Topics and Ideas for Fantasy Worldbuilding in Novels and RPG Games (Part IV)

Fantasy Worldbuilding

Ugh. When was the last time I posted here? What? Like two years ago almost now. Well, let’s at least wrap up my series of posts on general topics and ideas for fantasy worldbuilding in novels and RPG games.

Today, I’m going to discuss the relationship between fantasy worlds and the “real” world. In other words, how much is a fantasy world like the real world and vice versa. These days, I like to tell myself that we don’t live in a “D & D world.”

Let me explain.

Influences from Earth

As all of us gamemasters, players, authors, and readers alike have grown up on this remarkable little planet called Earth, we have all been significantly influenced by the lives we have led here. Naturally, the worlds we create while worldbuilding have been influenced by our real-life experience on Earth. But, the reverse is also true, to a certain extent.

I am not saying that our imaginary worlds influence the real world itself around us, but, rather, they influence us and how we experience the world as we explore it. It’s kind of a feedback loop.

Pen and Paper RPGs

Magic, for example, is the lifeblood of virtually every fantasy RPG. There are wizards and witches and spell-wielding monsters galore. Naturally, much of this is derived from the myths and legends of bygone ages here on Earth.

In the Medieval era, most of the Western real-world population believed in the power of witches and magical creatures like dragons, elves, and fairies. The Arabic culture gave birth to the notion of jinn. Stories of the vampire and similar such creatures can be found in various cultures across the globe.

And then, there are the various pantheons of deities from Zeus of the Greeks to Odin of the Norsemen, and many, many more.


Oddly enough, the only religion I’ve never seen a parallel for in gaming is Christianity. This is not true for novels. Tad Williams’ “Sorrow, Memory, and Thorn” series had a Christ figure in Usires Aedon and a corresponding equivalent to the Catholic Church. I’ve never seen that in a pen & paper RPG – of course, that doesn’t mean it doesn’t exist – I’ve just never encountered it.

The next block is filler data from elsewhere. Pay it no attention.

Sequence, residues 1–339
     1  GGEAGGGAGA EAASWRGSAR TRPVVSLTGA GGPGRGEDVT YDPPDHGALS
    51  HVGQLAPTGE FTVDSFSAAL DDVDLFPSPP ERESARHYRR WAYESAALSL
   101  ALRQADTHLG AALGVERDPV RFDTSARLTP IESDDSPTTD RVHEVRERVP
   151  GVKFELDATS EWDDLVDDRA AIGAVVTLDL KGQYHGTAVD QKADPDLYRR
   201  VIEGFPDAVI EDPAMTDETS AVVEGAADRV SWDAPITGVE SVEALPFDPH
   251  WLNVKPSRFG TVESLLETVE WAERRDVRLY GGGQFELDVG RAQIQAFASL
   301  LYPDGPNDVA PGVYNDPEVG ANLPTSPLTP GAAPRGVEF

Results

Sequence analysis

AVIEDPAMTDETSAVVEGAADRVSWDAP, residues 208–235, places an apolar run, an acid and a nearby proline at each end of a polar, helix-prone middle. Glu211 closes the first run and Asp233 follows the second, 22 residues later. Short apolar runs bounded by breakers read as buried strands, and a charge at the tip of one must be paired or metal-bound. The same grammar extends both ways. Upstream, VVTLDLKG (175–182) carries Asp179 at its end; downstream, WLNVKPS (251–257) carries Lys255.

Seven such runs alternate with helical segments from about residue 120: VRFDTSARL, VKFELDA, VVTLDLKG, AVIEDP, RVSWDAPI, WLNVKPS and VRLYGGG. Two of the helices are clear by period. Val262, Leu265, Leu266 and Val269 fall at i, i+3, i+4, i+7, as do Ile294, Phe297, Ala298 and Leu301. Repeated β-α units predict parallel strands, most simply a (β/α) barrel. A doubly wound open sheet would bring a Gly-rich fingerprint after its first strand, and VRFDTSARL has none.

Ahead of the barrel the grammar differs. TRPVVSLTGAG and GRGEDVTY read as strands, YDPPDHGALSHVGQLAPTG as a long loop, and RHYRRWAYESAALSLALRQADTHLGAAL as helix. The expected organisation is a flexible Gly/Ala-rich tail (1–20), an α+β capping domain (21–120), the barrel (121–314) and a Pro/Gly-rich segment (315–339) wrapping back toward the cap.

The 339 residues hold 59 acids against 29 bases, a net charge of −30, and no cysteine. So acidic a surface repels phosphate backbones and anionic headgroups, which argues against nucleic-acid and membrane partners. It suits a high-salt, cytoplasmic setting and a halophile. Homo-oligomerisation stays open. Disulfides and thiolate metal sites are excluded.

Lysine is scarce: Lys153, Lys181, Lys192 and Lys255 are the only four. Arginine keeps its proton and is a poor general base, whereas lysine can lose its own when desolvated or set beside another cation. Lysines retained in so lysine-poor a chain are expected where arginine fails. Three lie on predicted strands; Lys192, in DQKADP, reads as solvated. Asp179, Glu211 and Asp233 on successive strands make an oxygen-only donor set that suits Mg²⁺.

Regardless, just like RPGs, the development of a novel is significantly influenced by life here in the real world. Often in ways you won’t expect. This includes things like the length and divisions of calendars, the types and passing of seasons, and a host of other issues. At a certain level, some things have to come from this world.

Unless you are a master linguist like J.R.R. Tolkien, you really don’t have the ability to invent your own language/s (he did with his Elvish language). So, you will most likely fall back on the language of your own culture. For example, I have written several fantasy novels and, naturally, all of them, used the English language.

In many fantasy novels, authors will sprinkle a few words or phrases from a made-up magical or fantastical language but, and I include myself in this, the corresponding words usually sound crude and made up themselves. Because of his linguistic skill, J. R. R. Tolkien’s Elvish is probably the one and only exception to this.


Back in the 1990’s, I think, Tipper Gore (the wife of Al Gore) was very concerned about the influence of AD & D on the moral character of the young. At the time, I, like many other people my age, were very much “into” the game. I, like many others, dismissed her concerns. After all, D & D was just a harmless, made-up game.